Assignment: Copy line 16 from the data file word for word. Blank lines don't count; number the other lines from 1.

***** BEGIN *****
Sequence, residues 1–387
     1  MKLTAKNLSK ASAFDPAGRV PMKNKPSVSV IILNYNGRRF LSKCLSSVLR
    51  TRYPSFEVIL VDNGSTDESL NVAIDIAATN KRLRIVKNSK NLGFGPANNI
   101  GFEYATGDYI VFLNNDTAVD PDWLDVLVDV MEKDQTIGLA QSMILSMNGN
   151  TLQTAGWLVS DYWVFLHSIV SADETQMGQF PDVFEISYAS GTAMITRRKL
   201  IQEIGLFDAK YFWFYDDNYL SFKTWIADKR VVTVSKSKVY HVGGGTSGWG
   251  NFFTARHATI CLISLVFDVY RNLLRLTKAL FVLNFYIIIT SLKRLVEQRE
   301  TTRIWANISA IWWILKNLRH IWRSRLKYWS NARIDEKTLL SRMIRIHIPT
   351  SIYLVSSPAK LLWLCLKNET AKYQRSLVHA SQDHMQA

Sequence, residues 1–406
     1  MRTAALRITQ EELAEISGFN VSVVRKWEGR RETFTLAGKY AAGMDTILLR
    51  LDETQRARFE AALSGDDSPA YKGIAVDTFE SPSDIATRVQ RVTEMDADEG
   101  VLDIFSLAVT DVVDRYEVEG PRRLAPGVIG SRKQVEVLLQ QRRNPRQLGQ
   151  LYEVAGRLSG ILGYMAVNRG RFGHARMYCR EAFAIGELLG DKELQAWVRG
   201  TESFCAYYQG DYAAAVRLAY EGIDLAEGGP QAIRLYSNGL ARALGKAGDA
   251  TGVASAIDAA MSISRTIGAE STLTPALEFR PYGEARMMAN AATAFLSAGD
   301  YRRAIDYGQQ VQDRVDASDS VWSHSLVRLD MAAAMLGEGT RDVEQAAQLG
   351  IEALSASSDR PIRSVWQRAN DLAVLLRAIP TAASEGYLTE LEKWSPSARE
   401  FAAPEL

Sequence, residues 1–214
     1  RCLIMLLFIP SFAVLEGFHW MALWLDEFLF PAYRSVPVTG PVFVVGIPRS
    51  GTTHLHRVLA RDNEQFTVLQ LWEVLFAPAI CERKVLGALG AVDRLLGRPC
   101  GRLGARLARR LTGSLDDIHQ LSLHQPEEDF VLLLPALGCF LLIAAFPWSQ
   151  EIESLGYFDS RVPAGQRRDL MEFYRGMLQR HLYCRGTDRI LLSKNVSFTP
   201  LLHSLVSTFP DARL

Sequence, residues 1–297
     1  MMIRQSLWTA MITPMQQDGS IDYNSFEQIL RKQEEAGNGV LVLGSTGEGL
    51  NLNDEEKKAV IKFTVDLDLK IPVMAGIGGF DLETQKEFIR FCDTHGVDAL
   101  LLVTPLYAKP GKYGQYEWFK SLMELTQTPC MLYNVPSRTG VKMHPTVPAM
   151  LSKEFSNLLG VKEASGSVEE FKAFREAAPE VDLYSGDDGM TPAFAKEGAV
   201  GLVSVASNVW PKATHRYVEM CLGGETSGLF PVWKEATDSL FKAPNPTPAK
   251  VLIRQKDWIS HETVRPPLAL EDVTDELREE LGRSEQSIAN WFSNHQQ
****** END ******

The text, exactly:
   251  TGVASAIDAA MSISRTIGAE STLTPALEFR PYGEARMMAN AATAFLSAGD